Wordfence and Graham Cluley have alerted us to a dangerous change in phishing attacks: phishing sites masking domain names. Please read on, and then share this important information with your network, so your friends and family aren’t taken in by new phishing scams.
Phishing sites masking domain names
Simply put, we used to tell people that to avoid a phishing scam, they should check the address bar to make sure they were on the correct site. And now that is no longer a reliable clue, which makes things much more complicated for the less Internet-savvy among us.
What is phishing?
Phishing is when a malicious website pretends to be a legitimate website you would have a reason to be on, and it tries to get you to enter personal information. That can be your username and login for the real site, your credit card number, or all sorts of other information they might use for ill-intentioned purposes.
Most often, you would be led to a phishing site by clicking on a link in an unsolicited email. The email might appear to be from your water company, your Internet service provider or cable company, a store, Google, or any number of other places you might do business with.
How can you avoid being scammed?
In the past, there were three main ways to avoid being taken in by a phishing scam.
- Don’t click on unsolicited and unexpected emails.As an example, if you know you did in fact pay your last cell phone bill, don’t click on the email that says you didn’t, and asks you to click to pay online.
- Type the address yourself into the address bar of your browser.To further our example, if you aren’t sure whether you did pay your bill or not, type your cell phone provider’s URL yourself into your address bar, and go verify your account that way.
- If you did click on a link, verify the URL that appears in your address bar.If you already clicked on the link in question, make sure that the URL is correct – for example, make sure you are on “apple.com” and not “apple.com.fakesite.com” or “apple-com.fakesite.com”.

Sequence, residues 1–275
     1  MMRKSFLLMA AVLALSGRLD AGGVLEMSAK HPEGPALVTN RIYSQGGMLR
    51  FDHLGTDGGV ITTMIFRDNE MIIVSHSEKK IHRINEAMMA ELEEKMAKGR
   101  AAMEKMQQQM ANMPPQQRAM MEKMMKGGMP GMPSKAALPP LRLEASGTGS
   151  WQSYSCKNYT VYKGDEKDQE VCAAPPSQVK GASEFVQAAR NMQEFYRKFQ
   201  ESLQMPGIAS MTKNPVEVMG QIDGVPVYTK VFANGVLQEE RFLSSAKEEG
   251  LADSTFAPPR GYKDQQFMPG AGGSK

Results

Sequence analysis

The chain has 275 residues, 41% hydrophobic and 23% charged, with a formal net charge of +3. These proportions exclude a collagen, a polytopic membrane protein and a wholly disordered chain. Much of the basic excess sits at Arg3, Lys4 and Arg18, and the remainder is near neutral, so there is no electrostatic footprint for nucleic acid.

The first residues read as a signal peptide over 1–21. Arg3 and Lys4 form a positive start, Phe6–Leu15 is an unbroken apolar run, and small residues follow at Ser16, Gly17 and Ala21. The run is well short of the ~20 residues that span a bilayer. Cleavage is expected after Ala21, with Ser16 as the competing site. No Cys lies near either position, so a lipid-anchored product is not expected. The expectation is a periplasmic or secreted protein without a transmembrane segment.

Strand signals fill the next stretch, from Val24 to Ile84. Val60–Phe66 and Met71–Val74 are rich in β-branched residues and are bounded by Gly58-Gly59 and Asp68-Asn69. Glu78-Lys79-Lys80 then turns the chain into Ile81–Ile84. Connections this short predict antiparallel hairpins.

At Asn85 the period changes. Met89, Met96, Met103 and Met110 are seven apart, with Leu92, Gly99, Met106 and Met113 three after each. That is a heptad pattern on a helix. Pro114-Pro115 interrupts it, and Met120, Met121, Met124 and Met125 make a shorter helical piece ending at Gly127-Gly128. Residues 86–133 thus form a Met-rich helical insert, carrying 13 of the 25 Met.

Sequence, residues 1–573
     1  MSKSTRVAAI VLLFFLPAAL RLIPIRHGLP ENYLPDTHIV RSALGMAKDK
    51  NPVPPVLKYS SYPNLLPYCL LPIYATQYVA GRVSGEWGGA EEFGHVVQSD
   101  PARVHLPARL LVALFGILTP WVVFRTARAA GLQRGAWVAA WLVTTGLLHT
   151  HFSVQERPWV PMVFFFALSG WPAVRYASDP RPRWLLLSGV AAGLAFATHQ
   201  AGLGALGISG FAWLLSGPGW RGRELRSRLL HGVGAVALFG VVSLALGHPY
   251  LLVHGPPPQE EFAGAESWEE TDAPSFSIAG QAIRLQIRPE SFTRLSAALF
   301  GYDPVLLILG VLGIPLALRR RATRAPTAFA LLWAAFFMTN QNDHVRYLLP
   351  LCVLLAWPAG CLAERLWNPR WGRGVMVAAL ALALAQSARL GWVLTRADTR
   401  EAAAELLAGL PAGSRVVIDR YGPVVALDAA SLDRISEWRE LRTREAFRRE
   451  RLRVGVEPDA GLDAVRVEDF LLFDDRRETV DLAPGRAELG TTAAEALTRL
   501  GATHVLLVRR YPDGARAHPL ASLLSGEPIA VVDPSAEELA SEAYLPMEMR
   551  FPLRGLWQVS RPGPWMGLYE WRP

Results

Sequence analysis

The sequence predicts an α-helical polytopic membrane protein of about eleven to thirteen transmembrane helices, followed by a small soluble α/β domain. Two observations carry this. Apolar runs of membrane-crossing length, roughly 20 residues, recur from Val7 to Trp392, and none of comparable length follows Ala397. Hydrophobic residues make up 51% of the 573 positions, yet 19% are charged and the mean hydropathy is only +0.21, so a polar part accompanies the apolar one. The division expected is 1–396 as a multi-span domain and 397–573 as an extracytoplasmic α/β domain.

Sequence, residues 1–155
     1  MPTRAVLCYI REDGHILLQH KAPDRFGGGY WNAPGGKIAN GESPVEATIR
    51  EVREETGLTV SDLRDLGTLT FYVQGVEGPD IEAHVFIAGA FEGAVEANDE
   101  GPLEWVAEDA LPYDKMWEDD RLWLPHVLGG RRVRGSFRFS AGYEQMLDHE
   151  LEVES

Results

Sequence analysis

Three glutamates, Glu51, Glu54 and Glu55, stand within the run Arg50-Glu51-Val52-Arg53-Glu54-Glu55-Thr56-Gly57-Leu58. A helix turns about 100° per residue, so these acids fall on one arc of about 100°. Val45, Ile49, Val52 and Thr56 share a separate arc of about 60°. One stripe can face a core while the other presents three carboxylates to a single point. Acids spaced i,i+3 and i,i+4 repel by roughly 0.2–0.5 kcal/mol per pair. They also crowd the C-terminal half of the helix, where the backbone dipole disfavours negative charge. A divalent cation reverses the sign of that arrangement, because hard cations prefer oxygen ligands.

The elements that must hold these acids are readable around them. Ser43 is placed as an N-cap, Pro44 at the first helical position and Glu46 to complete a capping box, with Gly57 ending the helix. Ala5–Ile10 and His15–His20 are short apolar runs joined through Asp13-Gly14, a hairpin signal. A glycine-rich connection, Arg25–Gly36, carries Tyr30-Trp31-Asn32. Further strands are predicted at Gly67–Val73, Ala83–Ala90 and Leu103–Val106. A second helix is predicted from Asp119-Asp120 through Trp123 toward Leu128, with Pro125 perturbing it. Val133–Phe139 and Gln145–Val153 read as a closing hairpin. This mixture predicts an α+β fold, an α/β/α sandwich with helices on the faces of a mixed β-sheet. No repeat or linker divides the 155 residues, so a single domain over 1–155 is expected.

What has changed?
For the technical details, you can check out the explanations over on Wordfence or Graham Cluley’s website. In a nutshell, there are ways to use unicode, which is a character encoding system, to make a browser like Firefox or Chrome display those characters as different ones. In Wordfence’s example, they were able to set up a website with this domain: https://xn--e1awd7f.com which displays as https://www.epic.com when you visit it in Chrome or Firefox.
This means that suggestion #3 above is no longer reliable. This is a serious security issue, because malicious people can now effectively create phishing sites that mask their domain names, and trick you into thinking you are on the real website rather than their copy, which they are using to steal your information.
So what can I do to stay safe?
Rules 1 & 2 suggested above still apply:
- Don’t click on unsolicited and unexpected emails.
- Type the address yourself into the address bar of your browser.
You can also follow instructions provided by Wordfence for turning off the Unicode conversion in your Firefox browser, but you might not want to attempt that unless you are a tech-savvy user. Graham Cluley says that Chrome plans to roll out a fix for this issue by the end of April.
He further suggests:
- you can use a password manager that will recognize these Unicode sites and will not enter your password into them automatically. LastPass*, 1Password, and Dashlane are good choices here.
- you can copy and paste the URL into the Edge or Safari browsers, which aren’t affected at this time, or
- you can copy the URL from the Chrome address bar and re-paste it into the same location; a Unicode URL should then appear if the domain name has been masked with this method, so you would see that the site is not legitimate after all.
Knowledge is power. Please share this information with your friends and family so you can help keep them safe from phishing fraud.
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